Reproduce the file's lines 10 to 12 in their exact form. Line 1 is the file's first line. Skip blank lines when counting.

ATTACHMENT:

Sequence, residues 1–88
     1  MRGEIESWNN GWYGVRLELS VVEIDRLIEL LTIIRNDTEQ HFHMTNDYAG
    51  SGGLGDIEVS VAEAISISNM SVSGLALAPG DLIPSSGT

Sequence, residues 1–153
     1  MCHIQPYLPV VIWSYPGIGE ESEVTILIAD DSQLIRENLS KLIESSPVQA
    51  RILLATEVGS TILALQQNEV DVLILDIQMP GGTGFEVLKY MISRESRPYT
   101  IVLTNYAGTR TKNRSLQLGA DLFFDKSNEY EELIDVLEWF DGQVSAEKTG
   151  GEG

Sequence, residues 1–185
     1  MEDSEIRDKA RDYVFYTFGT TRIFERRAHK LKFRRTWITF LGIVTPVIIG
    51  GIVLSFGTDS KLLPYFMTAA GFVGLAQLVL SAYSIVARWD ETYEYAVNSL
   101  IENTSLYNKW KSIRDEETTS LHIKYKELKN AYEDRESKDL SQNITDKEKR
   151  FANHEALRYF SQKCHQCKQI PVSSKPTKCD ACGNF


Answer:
     1  MEDSEIRDKA RDYVFYTFGT TRIFERRAHK LKFRRTWITF LGIVTPVIIG
    51  GIVLSFGTDS KLLPYFMTAA GFVGLAQLVL SAYSIVARWD ETYEYAVNSL
   101  IENTSLYNKW KSIRDEETTS LHIKYKELKN AYEDRESKDL SQNITDKEKR